The joy of soldering

A project log for Portable Trollmaster 3000

Spreading the voice of Eduard Khil

Dr  SalicaDr Salica 12/07/2014 at 21:363 Comments

This afternoon was placed under the sign of solder.

The FM transmitter has a lot of test points but I need a way to hook them up to the Trinket. I do not want to solder wires directly to the Trinket and to the FM transmitter. I prefer to use a breadboard.

So, I need wires that can be easily soldered to the Trinket while being easy to connect and disconnect to a breadbord. I tried using jumper cables but they were difficult to solder. My solution was to reuse an old floppy disk cable.

The individual wires of the floppy cable can be easily soldered to the test points. Male-male jumper cables can then be connected to the floppy IDC (?) connector on one end, and to the breadboard on the other end.

I took my old 25W Velleman soldering iron out of its dusty drawer. I cut the floppy cable, separated the individual wires, stripped and pre-tinned them. I also pre-tinned the test points. You can see the result here :

I'm not very happy of my soldering job. Some wires are barely covered by solder, many solder joints have a matt finish. I hope to get some feedback and tips, so I share my bad soldering job in all its high resolution glory here :

I probably should flood this with hot glue to strenghten the connections.

I tripled checked the connections with a continuity tester and everythink was OK and there were no short circuits. I connected the board to my phone and it worked properly. Finally, I wanted to use an seprated power source to test the board.

The board uses a LP2985 power regulator. It takes about 4V from the phone and outputs 2.8V to the board. The datasheet states that the input voltage can go up to 16 volts. Good news, it means that I can be quite careless about the input voltage :-) As a final test, I connected a 5V power source between the Vin and the Gnd pads, and the led blinked !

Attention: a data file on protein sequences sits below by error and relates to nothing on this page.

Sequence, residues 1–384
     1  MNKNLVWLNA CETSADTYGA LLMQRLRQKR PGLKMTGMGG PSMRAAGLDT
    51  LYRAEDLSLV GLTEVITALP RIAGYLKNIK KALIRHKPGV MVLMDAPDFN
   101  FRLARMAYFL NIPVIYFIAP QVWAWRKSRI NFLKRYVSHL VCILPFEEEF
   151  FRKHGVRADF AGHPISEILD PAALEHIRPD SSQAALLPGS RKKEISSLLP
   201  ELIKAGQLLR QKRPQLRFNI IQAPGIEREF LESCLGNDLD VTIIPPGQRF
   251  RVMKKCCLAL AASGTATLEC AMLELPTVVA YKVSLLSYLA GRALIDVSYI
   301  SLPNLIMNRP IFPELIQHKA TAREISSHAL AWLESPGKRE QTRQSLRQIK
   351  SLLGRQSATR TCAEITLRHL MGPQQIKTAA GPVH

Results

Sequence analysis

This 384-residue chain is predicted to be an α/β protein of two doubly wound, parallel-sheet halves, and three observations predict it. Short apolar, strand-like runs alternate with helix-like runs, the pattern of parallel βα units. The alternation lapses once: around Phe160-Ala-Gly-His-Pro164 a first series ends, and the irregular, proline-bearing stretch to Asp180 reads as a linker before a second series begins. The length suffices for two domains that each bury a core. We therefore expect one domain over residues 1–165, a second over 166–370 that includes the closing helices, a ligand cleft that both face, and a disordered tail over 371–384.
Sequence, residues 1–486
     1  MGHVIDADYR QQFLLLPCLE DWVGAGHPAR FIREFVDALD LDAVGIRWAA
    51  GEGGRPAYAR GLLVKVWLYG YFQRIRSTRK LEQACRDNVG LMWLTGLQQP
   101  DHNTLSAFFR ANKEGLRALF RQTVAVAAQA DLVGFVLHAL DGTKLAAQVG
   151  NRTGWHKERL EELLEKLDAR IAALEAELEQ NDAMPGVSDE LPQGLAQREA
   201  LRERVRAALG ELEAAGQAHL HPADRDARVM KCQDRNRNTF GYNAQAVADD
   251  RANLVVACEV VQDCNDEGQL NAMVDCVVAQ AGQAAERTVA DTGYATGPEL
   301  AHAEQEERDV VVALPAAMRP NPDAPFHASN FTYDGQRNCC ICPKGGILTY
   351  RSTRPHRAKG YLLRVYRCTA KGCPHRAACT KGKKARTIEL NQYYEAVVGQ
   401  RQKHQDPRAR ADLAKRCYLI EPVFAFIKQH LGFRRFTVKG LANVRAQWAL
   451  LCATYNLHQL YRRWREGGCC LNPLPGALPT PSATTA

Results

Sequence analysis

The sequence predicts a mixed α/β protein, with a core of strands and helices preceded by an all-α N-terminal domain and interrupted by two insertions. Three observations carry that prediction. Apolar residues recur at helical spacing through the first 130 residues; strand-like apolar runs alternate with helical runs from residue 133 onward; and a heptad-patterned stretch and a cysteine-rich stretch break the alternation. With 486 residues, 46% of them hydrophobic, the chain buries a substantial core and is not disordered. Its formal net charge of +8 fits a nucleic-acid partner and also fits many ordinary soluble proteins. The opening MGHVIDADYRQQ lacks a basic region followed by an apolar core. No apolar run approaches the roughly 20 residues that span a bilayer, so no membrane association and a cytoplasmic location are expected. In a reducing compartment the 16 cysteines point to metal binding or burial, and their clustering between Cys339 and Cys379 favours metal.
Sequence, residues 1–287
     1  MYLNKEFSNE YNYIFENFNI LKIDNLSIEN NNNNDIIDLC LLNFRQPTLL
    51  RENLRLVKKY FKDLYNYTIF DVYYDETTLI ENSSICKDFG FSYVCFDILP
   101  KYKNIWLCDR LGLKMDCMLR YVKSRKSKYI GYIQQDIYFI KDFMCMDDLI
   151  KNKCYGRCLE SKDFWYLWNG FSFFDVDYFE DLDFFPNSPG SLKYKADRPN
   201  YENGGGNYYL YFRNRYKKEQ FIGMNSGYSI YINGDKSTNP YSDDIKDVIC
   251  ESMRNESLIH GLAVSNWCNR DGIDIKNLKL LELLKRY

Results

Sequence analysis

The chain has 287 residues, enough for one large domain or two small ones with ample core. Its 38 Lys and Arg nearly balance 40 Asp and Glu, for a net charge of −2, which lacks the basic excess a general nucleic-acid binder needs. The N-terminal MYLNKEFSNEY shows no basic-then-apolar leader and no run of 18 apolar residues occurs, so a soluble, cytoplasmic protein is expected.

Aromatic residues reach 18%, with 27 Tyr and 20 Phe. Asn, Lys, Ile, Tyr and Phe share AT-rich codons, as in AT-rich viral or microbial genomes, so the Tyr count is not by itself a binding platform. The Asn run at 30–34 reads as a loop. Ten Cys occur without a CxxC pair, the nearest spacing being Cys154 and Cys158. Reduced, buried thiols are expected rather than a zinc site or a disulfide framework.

While my soldering iron was still hot, I soldered the headers of the Trinket. I guess Adafruit's board are pre-tinned and pre-fluxed because it went surprisingly well and I ended with nice and shiny solder joints.

I guess I'm now ready to explore the wonderful world of I²C ;-)


davedarko wrote 01/04/2015 at 23:59 point

I re-read your log and was surprised, because It doesn't look like you pre soldered your wires. The wires will definitely conduct the heat better when you solder them to your testpoints, once they are tinned. But using hot glue is nothing to be ashamed of :)

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Dr Salica wrote 01/05/2015 at 08:37 point

I put a little blob of solder on the tip on my soldering iron and tried to apply it to the wires in order to pre-tin them. Most of the time the solder wouldn't stick to the wire :-( In the end, I still managed to get some tinning but it's quite weak. Do you have some tips on how to pre-solder the wires ?

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davedarko wrote 01/05/2015 at 08:53 point

Put the iron on your wires first so that they are preheated, then come in with the tin. Thanks to you I just learned that there is a tin type HF34 and a HF32 - last is with flux :) This helps a lot, otherwise get some "Löthonig" - that's flux paste in a tube and quite useful, too.

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